Thursday, 18 December 2014
Yvonne van den Berg and Antonius Cillessen studied 34 classrooms at 27 elementary schools in The Netherlands. The 336 participating pupils had an average age of 11, and 47 per cent of them were boys. In all classrooms, it was the school policy that the teachers dictated who sat where; seating arrangements were in groups or rows, or a mixture. Every pupil was asked to say how much they liked each of their classmates, and to rate their classmates' popularity. They gave these ratings twice: four to six weeks into the first semester (August/September time), and then again at the beginning of the school's second semester during the following Spring.
A key finding was that children who were seated in the first semester near the boundaries of their classroom tended to be less liked by their peers at that time, and also six months later, as compared with children sat nearer the centre of the class. Another related result was that children tended to rate those located nearer to them as more likeable and more popular (this helps explain the first result - children sat centrally tend to have more classmates closer to them). Meanwhile, children who were only (re)positioned at the boundaries of the class in the second semester did not receive lower likeability ratings at that time, presumably because their reputation had already been established by then.
Why should seating position have these associations with children's perceptions of their peers? The researchers think two psychological mechanisms are pertinent. Social psychology research on race relations and prejudice finds that the more we interact with other people, the more positive our views of them tend to be. School pupils naturally interact and socialise more with the children located near to them, and so this interaction could encourage more positive perceptions. There is also a psychological phenomenon known as the "mere exposure effect", which describes how familiarity with something or someone breeds more positive feelings towards them.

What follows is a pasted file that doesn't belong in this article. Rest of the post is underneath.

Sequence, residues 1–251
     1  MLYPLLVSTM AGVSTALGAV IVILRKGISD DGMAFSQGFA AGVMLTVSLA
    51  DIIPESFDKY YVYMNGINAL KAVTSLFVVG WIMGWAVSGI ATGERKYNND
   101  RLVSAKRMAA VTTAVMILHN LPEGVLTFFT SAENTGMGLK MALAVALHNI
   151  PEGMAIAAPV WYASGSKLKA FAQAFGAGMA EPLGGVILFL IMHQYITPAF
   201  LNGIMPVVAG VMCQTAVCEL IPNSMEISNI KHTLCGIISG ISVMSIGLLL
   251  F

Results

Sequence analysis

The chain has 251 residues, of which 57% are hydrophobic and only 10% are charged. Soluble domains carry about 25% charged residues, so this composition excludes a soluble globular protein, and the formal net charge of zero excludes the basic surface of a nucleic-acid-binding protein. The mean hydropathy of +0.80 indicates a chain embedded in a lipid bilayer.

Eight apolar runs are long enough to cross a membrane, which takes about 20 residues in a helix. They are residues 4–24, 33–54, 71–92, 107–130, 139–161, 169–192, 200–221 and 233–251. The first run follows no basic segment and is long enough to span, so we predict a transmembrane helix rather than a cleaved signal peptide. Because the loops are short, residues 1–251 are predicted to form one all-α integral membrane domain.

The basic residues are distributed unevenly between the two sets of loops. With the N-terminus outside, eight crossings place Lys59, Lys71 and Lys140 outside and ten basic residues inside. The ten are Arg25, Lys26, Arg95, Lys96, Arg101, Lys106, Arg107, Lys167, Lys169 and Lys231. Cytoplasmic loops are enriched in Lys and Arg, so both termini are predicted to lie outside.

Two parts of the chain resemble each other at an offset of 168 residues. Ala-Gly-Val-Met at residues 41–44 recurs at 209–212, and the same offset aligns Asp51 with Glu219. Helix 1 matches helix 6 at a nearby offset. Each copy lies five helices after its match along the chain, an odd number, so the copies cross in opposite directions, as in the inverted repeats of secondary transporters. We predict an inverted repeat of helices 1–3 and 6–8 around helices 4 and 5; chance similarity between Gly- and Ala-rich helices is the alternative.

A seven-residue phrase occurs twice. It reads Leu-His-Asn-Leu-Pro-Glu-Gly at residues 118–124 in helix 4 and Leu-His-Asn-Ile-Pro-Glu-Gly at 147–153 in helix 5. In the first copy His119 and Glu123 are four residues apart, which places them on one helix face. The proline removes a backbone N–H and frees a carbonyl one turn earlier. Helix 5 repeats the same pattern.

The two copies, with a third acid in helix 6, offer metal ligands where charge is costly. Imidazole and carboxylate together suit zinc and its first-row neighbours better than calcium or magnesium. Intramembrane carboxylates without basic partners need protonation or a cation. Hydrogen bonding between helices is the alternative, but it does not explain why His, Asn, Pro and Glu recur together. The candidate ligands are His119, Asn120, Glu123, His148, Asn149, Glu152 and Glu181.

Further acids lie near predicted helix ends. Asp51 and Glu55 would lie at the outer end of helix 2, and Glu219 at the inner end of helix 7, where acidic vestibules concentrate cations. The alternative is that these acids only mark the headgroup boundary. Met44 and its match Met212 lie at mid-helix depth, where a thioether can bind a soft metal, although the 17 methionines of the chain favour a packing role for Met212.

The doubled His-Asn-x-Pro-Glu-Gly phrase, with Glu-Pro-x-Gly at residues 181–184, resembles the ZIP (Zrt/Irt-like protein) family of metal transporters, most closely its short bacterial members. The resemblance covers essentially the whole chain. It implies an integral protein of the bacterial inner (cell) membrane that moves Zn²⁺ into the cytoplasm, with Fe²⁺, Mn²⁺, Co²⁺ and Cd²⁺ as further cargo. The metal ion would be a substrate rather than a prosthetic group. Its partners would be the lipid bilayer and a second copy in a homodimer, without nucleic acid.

Van den Berg and Cillessen also conducted a second study with 158 more school children, in which they asked them to rate each others' popularity, and also to say where they would position themselves and their classmates if they could choose. Perhaps unsurprisingly, children said they'd like to sit nearer to their peers who were more liked and more popular. The researchers said this provided an insight into what's known as the "cycle of popularity" - well-liked and popular children typically attract more social interactions with others, this then reinforces the popular perception that others have of them via the mechanisms mentioned earlier.
There are plenty of unknowns in this research. For example, we don't know the reasoning behind the teachers' decisions of where they chose to locate their pupils in their class. Perhaps they placed more popular pupils more centrally? In fact, there are reasons to think this unlikely - past research has found teacher and pupil ratings of pupils' social relationships are only weakly related.
Despite the unknowns, the van den Berg and Cillessen said their results provided evidence for what's been termed the "invisible hand of the teacher" - the understudied ways that teacher decisions influence the ecology of the classroom. "Classroom seating arrangements may be hugely influential in children's exposure to and interactions with other peers and, thus, in determining children's social relationships with one another," the researchers concluded. They also highlighted that this new research builds on another recent study they conducted, which found that placing children closer to each other in the classroom improved pupils' liking of each other and reduced problem behaviours in class.
van den Berg, Y., & Cillessen, A. (2015). Peer status and classroom seating arrangements: A social relations analysis Journal of Experimental Child Psychology, 130, 19-34 DOI: 10.1016/j.jecp.2014.09.007
Mind where you sit - how being in the middle is associated with superior performance
Post written by Christian Jarrett (@psych_writer) for the BPS Research Digest.